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Could someone validate my understanding of the memory fence established after a constructor executes. For example, suppse I have a class called Stock.

public final class Stock{

       private final String ticker;
       private double qty;
       private double price;

       public Stock ( String ticker, double qty, double price ){
              this.ticker  = ticker;
              this.qty     = qty;
              this.price   = price;

              //I am assuming a memory fence gets inserted here.
       }


       public final void updateQty( double qty ){
           this.qty = qty;
       }


       public final void updatePrice( double price ){
           this.price = price;
       }

}

Further, assume that the constuctor is executed by Thread1 and then updateQty() and updatePrice() are called several time by Thread2 (always by Thread2).

My contention is that after Thread1 creates the object, the object's "visibility" is established with all the other threads in the jvm. And since the two mutable variables are only changed by Thread2, I don't need any locking. Am I correct?

Thanks

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1  
Nop - only ticker is guaranteed to be visible (because it is final). –  assylias Oct 10 '12 at 22:54
    
I think volatile on qty and price would help here - as far as I know the construction is thread-safe (no leaked references), and volatile establishes the visibility guarantees? –  Pyranja Oct 10 '12 at 22:57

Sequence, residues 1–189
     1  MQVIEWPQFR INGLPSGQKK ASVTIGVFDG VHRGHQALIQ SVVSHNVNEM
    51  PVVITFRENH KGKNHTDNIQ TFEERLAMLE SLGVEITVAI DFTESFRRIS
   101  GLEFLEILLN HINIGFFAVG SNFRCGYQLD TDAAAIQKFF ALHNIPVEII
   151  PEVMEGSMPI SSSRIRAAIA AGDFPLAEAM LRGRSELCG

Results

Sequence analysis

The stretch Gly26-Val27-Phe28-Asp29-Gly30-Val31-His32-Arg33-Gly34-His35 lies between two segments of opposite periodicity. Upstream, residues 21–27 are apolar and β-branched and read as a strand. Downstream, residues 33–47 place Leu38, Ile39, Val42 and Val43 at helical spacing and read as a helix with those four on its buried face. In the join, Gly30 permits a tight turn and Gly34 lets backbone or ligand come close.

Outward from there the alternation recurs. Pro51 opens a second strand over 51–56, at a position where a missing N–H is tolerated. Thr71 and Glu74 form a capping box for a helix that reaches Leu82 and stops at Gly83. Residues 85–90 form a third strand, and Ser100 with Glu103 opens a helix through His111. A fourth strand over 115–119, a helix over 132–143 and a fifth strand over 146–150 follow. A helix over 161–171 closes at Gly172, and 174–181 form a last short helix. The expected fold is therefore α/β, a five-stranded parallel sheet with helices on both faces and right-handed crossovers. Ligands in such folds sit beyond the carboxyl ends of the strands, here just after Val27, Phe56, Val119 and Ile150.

Thanks guys, I now realize that the object must be immutable (in absence of volatile) to have any visibility gurantees. –  CaptainHastings Oct 11 '12 at 13:45

2 Answers 2

up vote 3 down vote accepted

My contention is that after Thread1 creates the object, the object's "visibility" is established with all the other threads in the jvm.

This is not correct. There is no implied constructor memory barrier/fence which is why instruction reordering around the constructor is such a problem. If you are going to be using a Stock object in another thread other than the one that constructed it, you are going to have to synchronize on the object before calling any update methods.

And since the two mutable variables are only changed by Thread2, I don't need any locking.

After you initially synchronize on the object in Thread2 you would not need any additional locking unless you wanted to see those mutated fields in other threads. If multiple threads are reading from your Stock object while Thread2 is mutating it then all threads need to cross a memory barrier either through synchronization or by making the fields mutated fields volatile.

This has to do both with constructor operation reordering and memory visibility. See this answer for more of the pitfalls around constructor reordering:

Is this a safe publication of object?

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Thanks for the explanation and the link. I don't know why I thought that there will be a memory barrier for non-final/non-volatile variables. –  CaptainHastings Oct 11 '12 at 13:42
    
Np @CaptainHastings. It's a common mistake. –  Gray Oct 11 '12 at 13:44

Unfortunately, no. Constructor is (mostly) like a normal method in Java memory model.

It's bad though, it created endless confusion to programmers.

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Confusing indeed. Thanks for the response. –  CaptainHastings Oct 11 '12 at 13:43

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